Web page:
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Hug a Tree and Put a Hold on the Print Button


Since the dawn of the digital revolution, pundits have been heralding the birth of a paperless society. They have been predicting all newspapers and magazines would go online, e-mail communications would totally displace office memos and e-books would make their paper versions obsolete. The silver lining of this electronic cloud is that a paperless society would lower paper consumption and waste. If only this were true.

Although businesses have had some success reducing their use and waste of paper with electronic communication, our paper habits at work haven't changed.

Bethlehem Steel Corp. expanded its use of e-mail and implemented an Electronic Data Interchange System to replace hard-copy forms, conserving close to 30,000 pounds of paper in 1998. Computer manufacturer Silicon Graphics developed a Web-based purchasing system and conserved more than 2 1/2 tons of paper forms in one year. Despite these and other efforts in the business sector, as a whole, paper consumption is not down.

Mike Leahy, forest campaign coordinator for the National Audubon Society, believes the ability of electronic media to save trees hasn't yet been fully tapped. "Electronic communications have tremendous potential to reduce paper consumption in the future, but unfortunately there's been no noticeable change in our paper consumption and wood-product consumption to date. It continues to increase."

One reason could be that environmental gains from the use of technology are offset by the tendency to print things out.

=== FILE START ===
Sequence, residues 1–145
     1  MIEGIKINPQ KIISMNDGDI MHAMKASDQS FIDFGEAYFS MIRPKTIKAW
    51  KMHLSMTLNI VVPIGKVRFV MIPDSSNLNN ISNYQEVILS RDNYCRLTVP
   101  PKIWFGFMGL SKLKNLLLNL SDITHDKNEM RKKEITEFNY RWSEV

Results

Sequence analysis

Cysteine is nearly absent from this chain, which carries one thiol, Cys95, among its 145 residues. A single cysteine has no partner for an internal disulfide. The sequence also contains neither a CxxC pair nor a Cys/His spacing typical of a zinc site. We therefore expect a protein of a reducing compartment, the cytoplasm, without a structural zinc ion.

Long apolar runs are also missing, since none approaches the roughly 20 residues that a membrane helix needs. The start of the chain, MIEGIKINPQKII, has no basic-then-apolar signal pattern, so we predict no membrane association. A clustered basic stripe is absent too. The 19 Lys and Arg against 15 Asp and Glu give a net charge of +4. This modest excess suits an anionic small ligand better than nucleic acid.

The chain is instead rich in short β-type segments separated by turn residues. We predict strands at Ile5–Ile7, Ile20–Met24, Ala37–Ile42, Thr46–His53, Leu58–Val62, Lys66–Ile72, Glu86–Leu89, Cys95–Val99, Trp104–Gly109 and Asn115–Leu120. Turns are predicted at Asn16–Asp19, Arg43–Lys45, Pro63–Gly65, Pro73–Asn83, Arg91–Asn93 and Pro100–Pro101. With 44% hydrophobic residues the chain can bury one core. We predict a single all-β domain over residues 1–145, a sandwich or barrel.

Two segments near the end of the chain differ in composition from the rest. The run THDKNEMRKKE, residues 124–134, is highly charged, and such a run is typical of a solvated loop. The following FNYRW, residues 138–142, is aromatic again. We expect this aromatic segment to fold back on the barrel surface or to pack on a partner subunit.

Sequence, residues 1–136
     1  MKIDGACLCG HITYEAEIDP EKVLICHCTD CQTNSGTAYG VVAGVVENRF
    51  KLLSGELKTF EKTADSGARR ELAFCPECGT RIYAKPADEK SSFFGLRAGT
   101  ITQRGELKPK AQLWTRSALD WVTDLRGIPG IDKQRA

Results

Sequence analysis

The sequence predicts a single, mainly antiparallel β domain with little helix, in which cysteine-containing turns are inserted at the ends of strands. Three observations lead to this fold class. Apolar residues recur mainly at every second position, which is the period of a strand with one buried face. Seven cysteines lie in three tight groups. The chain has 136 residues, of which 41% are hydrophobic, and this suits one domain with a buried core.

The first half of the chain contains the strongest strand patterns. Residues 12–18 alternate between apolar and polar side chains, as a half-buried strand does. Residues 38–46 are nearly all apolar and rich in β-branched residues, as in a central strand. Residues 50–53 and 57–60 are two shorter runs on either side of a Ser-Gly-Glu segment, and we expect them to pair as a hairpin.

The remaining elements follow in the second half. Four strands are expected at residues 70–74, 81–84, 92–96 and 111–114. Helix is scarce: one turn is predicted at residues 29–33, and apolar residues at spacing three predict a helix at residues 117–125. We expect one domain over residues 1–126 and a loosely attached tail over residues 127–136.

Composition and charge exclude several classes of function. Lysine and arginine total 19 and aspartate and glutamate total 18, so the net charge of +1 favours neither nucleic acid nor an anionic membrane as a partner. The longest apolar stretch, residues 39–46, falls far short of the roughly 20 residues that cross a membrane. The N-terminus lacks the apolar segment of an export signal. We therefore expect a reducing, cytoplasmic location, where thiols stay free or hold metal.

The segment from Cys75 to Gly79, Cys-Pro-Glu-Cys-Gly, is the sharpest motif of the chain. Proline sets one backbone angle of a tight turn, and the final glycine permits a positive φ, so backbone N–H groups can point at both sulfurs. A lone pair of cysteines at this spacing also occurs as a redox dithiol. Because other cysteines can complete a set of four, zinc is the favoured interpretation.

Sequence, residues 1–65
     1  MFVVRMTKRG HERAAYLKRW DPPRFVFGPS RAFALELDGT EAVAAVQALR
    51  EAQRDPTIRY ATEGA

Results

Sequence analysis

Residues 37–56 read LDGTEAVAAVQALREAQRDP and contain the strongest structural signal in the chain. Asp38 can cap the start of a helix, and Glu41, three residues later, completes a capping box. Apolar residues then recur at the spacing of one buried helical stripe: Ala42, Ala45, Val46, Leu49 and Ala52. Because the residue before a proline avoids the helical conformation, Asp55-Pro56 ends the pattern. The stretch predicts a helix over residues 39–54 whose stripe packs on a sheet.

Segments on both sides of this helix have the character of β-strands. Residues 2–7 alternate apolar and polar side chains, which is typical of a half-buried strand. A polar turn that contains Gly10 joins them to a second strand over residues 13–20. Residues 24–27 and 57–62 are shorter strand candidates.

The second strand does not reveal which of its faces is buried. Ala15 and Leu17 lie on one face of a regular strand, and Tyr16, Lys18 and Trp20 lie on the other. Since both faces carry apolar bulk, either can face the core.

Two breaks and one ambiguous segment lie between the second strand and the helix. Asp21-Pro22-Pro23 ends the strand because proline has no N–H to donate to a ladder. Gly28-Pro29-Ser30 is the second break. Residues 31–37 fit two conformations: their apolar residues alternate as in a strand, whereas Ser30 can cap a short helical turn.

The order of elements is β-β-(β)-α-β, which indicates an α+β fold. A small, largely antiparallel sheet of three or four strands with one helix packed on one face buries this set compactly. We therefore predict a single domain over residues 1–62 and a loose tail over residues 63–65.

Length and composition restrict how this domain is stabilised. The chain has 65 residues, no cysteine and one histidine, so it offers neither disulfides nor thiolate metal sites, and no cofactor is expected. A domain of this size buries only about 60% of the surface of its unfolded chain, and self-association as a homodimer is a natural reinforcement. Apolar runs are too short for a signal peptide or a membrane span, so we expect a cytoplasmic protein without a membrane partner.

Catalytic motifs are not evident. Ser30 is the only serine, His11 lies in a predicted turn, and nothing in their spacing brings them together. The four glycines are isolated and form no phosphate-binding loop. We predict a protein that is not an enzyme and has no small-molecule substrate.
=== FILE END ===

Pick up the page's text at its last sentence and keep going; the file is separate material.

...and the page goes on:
"It's difficult to glean complex information off a computer screen," explains Amy Johns, senior associate editor of the techno-lifestyle magazine Wired. "I still see lots of printed out e-mails in our office. I think the computer and the printed word are fundamentally different mediums. People want different things from them. The computer is not a place most people do a lot of meditative thinking."

Even e-books haven't made a dent. "Right now it's a very niche market," she says. "Until screen technology improves, people will continue to read books."

Roger Fidler, professor of journalism and mass communications at Kent State University in Ohio, agrees. He authored an opinion piece titled "The Pulse of Tablet Technology" for the Online Journalism Review, and is the editor of an ongoing online symposium about the future of print media. "I don't expect to see all the world's printing presses shut down or to see the demise of paper next year, or any time in the next century for that matter," he says. "Paper has many redeeming qualities that will be difficult, if not impossible, for digital systems to entirely replace."

Booth Moore can be reached by e-mail at

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